Museums, Oral History and Social Change: Hearing Voices on the Lower East Side
This post was written by Ellen Brooks, the Education Intern for the Tenement Museum this summer. Among other things, Ellen helped to interview LES residents for the new walking tour “Storefront Stories,” launching soon!
Let me be one of the first people ever to suggest that hearing multiple voices in your head is a good thing. In fact, sharing these voices with visitors is part of the mission of the Lower East Side Tenement Museum, where I have had the profound pleasure of interning this summer.
The most valuable thing I’m taking away from my time here is not something new that I’ve learned, but a reinforcement (and re-invigoration) of my conviction that public history has a responsibility to present multiple perspectives. Toward that end, I’ve spent this summer collecting oral histories for the Museum’s educational programming. Many of these stories will play a role in “Storefront Stories”, a new walking tour launching this fall.
During the course of my work I interviewed several local business owners, including the owner of an art gallery that opened on Orchard Street in 2011 and the owner of a hosiery store who was in the process of being forced out due to rising rent. These two subjects create an archetypal example of who is moving into the LES storefronts (today there are over 100 art galleries here, and more coming) and who is moving out (from the 1970s until very recently the LES was the place to go to buy underwear). In each of my interviews we discussed how the neighborhood has grown and changed, and what the future may hold.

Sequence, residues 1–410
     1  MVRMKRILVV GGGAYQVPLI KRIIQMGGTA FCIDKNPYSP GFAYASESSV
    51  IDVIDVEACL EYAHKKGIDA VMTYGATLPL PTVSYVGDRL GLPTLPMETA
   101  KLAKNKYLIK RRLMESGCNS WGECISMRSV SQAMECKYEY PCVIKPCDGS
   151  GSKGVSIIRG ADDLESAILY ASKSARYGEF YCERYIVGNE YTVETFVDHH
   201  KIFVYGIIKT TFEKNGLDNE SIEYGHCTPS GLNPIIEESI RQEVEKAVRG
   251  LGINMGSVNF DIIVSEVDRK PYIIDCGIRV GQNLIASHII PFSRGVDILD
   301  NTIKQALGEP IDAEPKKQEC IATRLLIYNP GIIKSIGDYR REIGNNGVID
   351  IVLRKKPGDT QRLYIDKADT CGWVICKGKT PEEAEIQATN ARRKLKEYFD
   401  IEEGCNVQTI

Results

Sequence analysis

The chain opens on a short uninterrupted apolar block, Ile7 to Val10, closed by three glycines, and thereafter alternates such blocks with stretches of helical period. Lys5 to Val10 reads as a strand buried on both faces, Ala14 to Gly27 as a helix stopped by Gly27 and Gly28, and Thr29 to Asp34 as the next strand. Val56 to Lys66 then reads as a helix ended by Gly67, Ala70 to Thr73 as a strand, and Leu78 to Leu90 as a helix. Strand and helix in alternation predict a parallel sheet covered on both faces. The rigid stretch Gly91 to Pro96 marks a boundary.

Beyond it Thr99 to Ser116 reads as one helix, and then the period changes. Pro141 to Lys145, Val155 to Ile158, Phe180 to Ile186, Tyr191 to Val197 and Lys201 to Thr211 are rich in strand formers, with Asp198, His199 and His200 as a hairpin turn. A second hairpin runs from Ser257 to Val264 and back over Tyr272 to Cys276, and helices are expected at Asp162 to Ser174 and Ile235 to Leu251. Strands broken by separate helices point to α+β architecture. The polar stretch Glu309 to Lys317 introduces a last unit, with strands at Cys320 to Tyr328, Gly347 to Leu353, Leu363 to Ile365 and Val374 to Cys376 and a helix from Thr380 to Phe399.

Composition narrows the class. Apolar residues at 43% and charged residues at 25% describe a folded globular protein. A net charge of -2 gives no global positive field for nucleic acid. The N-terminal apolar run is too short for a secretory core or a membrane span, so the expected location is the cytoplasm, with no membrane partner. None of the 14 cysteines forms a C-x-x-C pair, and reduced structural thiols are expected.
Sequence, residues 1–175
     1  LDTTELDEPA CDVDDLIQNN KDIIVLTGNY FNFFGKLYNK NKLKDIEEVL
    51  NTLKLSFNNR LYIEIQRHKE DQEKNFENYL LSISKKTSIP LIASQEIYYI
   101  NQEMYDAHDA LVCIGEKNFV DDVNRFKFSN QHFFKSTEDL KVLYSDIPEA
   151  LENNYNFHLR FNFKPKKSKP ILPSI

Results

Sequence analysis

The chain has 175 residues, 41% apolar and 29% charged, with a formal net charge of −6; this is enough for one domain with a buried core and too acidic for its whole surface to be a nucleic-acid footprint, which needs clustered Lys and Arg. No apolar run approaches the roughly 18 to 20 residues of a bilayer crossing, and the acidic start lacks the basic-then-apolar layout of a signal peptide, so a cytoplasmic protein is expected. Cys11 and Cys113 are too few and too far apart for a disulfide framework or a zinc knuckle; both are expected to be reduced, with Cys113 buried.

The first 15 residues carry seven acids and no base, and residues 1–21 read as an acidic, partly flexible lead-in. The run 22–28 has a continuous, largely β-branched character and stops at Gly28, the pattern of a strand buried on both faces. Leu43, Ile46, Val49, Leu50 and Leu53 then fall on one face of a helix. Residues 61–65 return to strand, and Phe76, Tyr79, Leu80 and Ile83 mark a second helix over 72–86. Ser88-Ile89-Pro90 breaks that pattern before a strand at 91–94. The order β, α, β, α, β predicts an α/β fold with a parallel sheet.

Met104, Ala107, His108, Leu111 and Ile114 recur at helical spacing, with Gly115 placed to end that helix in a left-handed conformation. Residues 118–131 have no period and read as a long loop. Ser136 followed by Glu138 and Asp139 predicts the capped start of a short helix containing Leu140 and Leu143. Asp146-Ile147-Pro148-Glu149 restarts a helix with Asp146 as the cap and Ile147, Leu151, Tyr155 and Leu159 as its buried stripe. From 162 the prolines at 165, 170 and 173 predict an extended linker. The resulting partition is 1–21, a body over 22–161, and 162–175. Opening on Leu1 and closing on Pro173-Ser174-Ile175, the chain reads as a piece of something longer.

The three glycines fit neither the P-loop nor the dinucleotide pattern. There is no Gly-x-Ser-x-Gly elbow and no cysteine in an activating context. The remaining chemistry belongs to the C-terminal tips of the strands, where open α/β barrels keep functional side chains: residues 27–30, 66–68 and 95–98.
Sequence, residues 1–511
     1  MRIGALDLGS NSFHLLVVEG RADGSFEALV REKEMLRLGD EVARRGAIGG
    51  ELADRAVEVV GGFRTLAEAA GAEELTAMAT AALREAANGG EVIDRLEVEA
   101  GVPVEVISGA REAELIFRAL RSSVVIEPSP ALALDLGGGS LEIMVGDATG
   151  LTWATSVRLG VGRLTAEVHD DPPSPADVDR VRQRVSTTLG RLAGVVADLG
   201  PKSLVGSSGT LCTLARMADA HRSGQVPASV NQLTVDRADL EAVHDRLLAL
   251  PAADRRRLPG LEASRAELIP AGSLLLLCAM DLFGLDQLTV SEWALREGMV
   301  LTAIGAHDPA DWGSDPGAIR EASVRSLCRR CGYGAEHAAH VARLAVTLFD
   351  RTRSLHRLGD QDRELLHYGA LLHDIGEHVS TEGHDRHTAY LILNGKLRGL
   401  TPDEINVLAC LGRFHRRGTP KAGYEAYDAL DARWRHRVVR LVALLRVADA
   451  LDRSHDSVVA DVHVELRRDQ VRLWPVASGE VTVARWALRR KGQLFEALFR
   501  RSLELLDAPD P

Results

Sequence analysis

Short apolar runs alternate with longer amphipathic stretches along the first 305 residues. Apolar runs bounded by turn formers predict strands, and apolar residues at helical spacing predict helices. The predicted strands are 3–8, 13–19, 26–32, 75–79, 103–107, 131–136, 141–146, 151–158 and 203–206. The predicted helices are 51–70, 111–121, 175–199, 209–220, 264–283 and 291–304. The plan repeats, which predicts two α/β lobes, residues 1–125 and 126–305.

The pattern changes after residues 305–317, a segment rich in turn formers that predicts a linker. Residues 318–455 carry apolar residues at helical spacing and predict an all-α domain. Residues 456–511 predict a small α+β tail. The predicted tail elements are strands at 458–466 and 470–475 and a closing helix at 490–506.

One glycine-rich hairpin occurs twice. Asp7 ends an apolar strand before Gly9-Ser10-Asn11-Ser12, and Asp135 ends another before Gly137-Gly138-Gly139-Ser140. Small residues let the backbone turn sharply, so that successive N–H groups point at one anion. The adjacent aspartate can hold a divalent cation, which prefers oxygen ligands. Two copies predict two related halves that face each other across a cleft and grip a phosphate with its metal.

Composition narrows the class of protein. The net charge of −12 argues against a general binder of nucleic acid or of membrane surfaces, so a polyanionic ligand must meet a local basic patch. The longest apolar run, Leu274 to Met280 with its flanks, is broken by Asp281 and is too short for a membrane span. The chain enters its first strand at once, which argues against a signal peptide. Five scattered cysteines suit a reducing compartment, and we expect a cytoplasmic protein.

Shopping on Orchard Street in 1926
Pulling multiple voices into one coherent narrative is where the real challenge lies. We can only curate these perspectives so much; there comes a point at which we museum professionals have to let go and trust our audience. To take “Storefront Stories” as an example, it would be very easy to paint a picture of a romantic past of pushcarts and family businesses now being trampled by trendy boutiques. And that is a part of the narrative. But if the Museum stopped there, visitors would never get to meet Claire Fleury, owner of Strange Loop gallery. Claire’s work and perspective are valuable additions to the story of Orchard Street.
Oral histories and personal stories offer museum visitors the unexpected while transferring some of the storytelling authority from the museum to the individual. So while we may ask how Claire’s story interacts with that of the hosiery business owner leaving the neighborhood, the Museum doesn’t have to resolve this conundrum. Instead of saying, “art galleries are changing everything” or “maybe the influx of art galleries on the LES isn’t all bad,” Museum educators can introduce visitors to Claire and to the merchant of yesterday and let them decide for themselves what they think about the changing scene here on Orchard Street.
Navigating the pitfalls and rewards of offering multiple perspectives isn’t easy, but it’s imperative that museums rise to this challenge in order to be agents of social change. Of course, this isn’t a priority for all museums, and the argument can be made that it shouldn’t be. However, the Tenement Museum, and many similar institutions, embraces this role. In my opinion, the core objective of a museum should be connecting people to the past, connecting the past to today and connecting today to the future.